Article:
D.L. is utterly silent throughout this exchange, watching the odometer begin slowly to lose its magic. There is a reason for her silence that is in a way parallel to the historical U.S. conflict in Vietnam. For her, Vietnam does not exist except as complicatedly cancelled letters and hissingly connected phone calls, a completely flat-eyed father whom she first met on a tarmac at nine. Who had a hook. Who dropped at automobile backfires (Datsuns never backfire--too little power), who gazed dully and accepting at the mosquito feeding at his one big bicep. Who's long gone, now. Who left a note.
hauntingly magical paragraph
Do pictures tell? I have a color Polaroid of Vance at seven and Veronica at twenty-nine traversing a rickety dry-gray dock in Nova Scotia to board a fishing boat. The water is a deep iron smeared with plates of foam; the sky is a thin iron smeared with same; the mass of white gulls around Vance's outstretched bread-filled hand is a cloud of plunging white V's. Vance Vigorous, as he holds out his white little child's hand, is surrounded and obscured by a cloud of living, breathing shrieking, shitting, plunging incarnations of the letter V; and I have it captured forever on quality film, giving me the right and power to cry whenever and wherever I please. What might that say about pictures.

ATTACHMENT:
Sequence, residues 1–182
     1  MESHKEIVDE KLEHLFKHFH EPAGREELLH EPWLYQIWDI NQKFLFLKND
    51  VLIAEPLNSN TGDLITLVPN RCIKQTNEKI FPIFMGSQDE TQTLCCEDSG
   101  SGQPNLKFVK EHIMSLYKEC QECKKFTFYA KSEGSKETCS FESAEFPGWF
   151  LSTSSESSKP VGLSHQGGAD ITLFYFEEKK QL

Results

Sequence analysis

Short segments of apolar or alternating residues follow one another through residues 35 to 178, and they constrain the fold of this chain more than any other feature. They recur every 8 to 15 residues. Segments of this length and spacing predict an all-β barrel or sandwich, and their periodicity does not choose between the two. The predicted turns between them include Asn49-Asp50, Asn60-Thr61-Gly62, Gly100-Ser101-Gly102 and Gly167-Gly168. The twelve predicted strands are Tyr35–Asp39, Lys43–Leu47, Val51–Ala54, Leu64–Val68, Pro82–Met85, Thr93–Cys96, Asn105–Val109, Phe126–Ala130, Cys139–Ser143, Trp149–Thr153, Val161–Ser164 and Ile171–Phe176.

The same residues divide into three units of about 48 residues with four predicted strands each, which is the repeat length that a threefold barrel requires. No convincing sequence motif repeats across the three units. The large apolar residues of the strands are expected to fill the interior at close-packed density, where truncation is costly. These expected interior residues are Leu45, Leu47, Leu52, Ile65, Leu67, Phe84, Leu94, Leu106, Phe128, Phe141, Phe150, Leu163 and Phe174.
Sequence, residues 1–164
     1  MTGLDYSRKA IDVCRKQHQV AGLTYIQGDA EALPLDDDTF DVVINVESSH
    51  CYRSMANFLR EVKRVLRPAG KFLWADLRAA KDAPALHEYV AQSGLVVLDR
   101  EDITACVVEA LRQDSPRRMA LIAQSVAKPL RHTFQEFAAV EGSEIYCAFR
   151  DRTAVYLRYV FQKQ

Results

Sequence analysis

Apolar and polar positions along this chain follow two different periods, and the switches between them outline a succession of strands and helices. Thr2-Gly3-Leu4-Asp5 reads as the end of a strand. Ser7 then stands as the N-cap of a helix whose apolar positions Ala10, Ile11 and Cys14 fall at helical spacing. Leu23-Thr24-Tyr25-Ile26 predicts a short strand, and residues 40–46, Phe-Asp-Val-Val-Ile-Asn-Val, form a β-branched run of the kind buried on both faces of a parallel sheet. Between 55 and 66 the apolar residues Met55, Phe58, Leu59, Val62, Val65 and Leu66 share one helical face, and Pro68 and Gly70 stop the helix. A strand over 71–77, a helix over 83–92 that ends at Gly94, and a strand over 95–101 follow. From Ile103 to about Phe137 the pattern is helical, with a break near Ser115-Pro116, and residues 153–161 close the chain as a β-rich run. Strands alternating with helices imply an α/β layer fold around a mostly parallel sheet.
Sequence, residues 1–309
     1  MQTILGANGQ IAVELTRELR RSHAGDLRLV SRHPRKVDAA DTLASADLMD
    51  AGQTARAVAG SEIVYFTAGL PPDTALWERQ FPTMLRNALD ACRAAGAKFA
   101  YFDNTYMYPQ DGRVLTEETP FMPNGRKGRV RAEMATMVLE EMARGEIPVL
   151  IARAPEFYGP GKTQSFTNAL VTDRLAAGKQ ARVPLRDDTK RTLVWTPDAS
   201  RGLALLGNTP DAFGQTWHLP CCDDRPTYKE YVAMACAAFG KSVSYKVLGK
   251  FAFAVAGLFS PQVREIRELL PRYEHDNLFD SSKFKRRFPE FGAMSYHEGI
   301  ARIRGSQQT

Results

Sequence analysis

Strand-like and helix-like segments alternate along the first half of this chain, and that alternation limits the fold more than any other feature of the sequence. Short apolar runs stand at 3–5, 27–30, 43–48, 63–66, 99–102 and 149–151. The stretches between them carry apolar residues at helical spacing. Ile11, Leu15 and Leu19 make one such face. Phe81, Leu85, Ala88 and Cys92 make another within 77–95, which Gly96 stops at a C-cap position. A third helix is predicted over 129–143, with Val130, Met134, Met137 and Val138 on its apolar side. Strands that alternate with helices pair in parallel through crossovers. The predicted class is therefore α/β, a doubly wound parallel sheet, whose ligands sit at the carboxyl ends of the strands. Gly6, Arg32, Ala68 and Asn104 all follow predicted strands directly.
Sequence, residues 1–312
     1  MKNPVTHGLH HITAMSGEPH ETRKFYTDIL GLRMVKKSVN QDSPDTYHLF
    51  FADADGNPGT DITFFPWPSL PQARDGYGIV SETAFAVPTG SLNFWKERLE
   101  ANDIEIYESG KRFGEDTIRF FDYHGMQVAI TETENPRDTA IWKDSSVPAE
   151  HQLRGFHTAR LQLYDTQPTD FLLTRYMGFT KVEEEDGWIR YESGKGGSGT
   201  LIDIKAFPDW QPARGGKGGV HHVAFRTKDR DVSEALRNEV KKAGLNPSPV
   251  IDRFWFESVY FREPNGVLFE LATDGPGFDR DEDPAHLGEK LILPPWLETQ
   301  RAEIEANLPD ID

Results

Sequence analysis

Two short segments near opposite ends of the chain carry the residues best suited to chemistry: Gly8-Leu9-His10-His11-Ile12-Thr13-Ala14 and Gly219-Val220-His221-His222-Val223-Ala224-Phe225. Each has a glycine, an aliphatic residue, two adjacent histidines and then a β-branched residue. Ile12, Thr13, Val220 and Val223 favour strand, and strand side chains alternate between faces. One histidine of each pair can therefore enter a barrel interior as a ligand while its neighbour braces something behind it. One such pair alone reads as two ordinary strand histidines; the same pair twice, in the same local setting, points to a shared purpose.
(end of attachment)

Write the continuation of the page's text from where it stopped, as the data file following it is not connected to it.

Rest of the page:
an unexpectedly beautiful and sad paragraph
[...] He had called the station from inside the first tower to describe what was happening. The host quickly thanked him for calling in and then said, in a bit of a panic, Why are you on the phone with me? Why aren't you on your way down?
You don't understand, the man said. The whole center of the building is gone. I can't go down. That's why I'm calling.
I don't know how to describe the feeling I had in the silence that followed, except that it was approximately the length it would take you to read this sentence aloud.